> yesterday there was massive lightening and thunder in our area. A
> something or rather hit a pole(telephone wires come over this
> pole-yes I know it is prehistoric) in our back yard about 10feet or
> 3 metres from the house, major lighting show to rival any concert..
> Unfortunately I was using the laptop when this weather hit and I
> was using a surge protectortoo obviously they are not worth the
> money..There was a small electrical crackle at the connection
> where the telephone jack and the ac adapter are. Immediately it
> went off, a blue screen appeared with writing on it (english)then
> it went off all together. Since then it has been inconsistent,
> some times it comes on with its compaq name, sometimes it does
> not come on at all. I put in the Windows XP pro disc and then it
> started to load as if it was a clean install, then it stopped and
> a blue screen appeared (the same one, that I wasnt able to read
> before,..I think) Anyway the blue screen said that the was a
> problem ( der) and the problem was the bios was not fully ACPI
> compliant which I believe is to do with the hibernation mode.
> I have tried to start it again to see if the blue screen appears
> as yet it hasnt..
> I think there might be a problem with the power and battery thing
> as well.. Any suggestions? Sorry for the long blurb, no other
> way to explain other than the long way!
> thanks in advance to anyone with some good ideas
> Felicity
Anonymous
a b D Laptop
December 13, 2004 6:45:19 PM

Archived from groups: comp.sys.laptops (More info?)

Thankyou, that is very interesting..
It is not a presario just a Compaq business notebook 800..(18m.o) Yes the
phone jack and the ac adapter connection are next to each other.. None of
the other electrical things nearby were affected, like the TV it did not go
off.....
I shall remove the modem and see what happens..
thanks again!
felicity

"primatech" <graeme@NOSPAMprimatechnologies.com.au> wrote in message
news:Fi7vd.70596$K7.49169@news-server.bigpond.net.au...
> Chances are very great that your modem has sustained damage. Not sure
> of the location on that particular machine (you didnt mention that it is
> a Presario 800) but first you should remove the modem and then try
> booting.
>
>
>
> barbibiz wrote:
> > Has anyone had any experience with a laptop that has been hit with a
power
> > surge,
> > I have compaq 800 notebook,(20gig.. 256meg ram) yesterday there was
massive
> > lightening and thunder in our area. A something or rather hit a
> > pole(telephone wires come over this pole-yes I know it is prehistoric)
in
> > our back yard about 10feet or 3 metres from the house, major lighting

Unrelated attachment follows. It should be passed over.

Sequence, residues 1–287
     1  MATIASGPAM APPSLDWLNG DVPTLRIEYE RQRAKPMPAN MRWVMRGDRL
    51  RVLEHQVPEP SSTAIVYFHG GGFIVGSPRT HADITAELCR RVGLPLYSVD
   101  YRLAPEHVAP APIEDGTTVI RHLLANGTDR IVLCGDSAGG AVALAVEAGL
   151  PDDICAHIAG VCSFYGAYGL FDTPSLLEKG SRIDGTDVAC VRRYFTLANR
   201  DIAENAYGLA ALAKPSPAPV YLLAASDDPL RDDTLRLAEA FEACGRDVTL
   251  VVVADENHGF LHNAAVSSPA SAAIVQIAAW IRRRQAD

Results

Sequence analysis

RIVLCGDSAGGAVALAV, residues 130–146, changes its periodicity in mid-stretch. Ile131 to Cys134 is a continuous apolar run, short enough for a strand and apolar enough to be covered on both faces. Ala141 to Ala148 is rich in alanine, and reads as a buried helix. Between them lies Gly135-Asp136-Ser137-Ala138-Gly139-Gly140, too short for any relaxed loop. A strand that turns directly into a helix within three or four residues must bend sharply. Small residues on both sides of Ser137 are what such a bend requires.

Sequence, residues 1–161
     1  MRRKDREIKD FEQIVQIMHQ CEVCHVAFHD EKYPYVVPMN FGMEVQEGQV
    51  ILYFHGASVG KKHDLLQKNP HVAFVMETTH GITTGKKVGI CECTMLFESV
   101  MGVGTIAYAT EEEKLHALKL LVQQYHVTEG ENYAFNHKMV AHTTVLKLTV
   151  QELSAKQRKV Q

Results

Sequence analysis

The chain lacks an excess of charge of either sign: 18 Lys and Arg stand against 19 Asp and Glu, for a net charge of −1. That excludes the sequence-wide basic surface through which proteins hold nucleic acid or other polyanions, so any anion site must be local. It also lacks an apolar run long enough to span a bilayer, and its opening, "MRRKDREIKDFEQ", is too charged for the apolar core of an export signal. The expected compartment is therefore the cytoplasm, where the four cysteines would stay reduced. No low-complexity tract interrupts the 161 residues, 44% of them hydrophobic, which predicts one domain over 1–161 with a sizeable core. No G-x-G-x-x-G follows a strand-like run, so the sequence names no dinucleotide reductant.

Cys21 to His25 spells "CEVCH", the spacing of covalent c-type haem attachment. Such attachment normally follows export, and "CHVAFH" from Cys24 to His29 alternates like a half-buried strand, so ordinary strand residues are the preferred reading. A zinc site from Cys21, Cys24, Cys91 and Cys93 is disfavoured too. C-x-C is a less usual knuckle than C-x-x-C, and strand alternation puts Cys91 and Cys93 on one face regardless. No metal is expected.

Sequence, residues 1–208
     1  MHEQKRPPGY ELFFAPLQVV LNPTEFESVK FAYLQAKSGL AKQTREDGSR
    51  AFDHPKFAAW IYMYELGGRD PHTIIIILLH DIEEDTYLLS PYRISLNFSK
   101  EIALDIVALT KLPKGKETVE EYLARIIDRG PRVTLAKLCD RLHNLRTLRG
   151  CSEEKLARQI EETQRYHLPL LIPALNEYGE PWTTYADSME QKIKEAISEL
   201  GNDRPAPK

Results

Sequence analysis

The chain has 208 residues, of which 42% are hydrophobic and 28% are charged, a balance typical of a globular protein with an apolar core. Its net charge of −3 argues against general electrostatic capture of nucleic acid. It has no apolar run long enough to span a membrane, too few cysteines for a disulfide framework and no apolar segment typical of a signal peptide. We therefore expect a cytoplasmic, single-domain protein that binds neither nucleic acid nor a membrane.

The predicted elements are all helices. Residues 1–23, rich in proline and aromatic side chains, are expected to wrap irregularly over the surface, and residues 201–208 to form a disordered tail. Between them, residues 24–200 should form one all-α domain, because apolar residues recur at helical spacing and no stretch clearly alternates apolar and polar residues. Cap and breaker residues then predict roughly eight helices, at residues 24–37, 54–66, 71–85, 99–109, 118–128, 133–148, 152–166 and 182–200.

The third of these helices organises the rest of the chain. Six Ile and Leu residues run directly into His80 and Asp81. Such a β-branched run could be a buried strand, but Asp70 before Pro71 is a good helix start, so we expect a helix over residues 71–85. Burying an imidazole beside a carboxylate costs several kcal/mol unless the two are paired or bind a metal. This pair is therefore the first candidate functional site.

show
> > to rival any concert..
> > Unfortunately I was using the laptop when this weather hit and I was
using a
> > surge protectortoo obviously they are not worth the money..There was a
small
> > electrical crackle at the connection where the telephone jack and the ac
> > adapter are. Immediately it went off, a blue screen appeared with
writing on
> > it (english)then it went off all together.
> > Since then it has been inconsistent, some times it comes on with its
compaq
> > name, sometimes it does not come on at all. I put in the Windows XP
pro
> > disc and then it started to load as if it was a clean install, then it
> > stopped and a blue screen appeared (the same one, that I wasnt able to
read
> > before,..I think) Anyway the blue screen said that the was a problem (
der)
> > and the problem was the bios was not fully ACPI compliant which I
believe is
> > to do with the hibernation mode.
> > I have tried to start it again to see if the blue screen appears as yet
it
> > hasnt..
> > I think there might be a problem with the power and battery thing as
well..
> > Any suggestions? Sorry for the long blurb, no other way to explain other
> > than the long way!
> > thanks in advance to anyone with some good ideas
> > Felicity
> >
> >
Anonymous
a b D Laptop
December 20, 2004 1:25:08 AM

Archived from groups: comp.sys.laptops (More info?)

<Has anyone had any experience with a laptop that has been hit with a power
surge?>
Yes. This August a nearby surprise lightning strike killed my ThinkPad. Just
froze completely. I had been working on it, and it was connected to a surge
protector/UPS of good reputation, the house has whole-house surge protection
for AC and the phone line, but still... anyway, it lost its motherboard.
Would not recognize any input, not even BIOS setup.
First thing to do is to run a full backup of any data you can still get to
on the harddisk. And unless tips given here by other members help to get the
machine running perfectly again (such as replacing the internal modem) I
would never trust that laptop. A good servicing by the manufacturer might be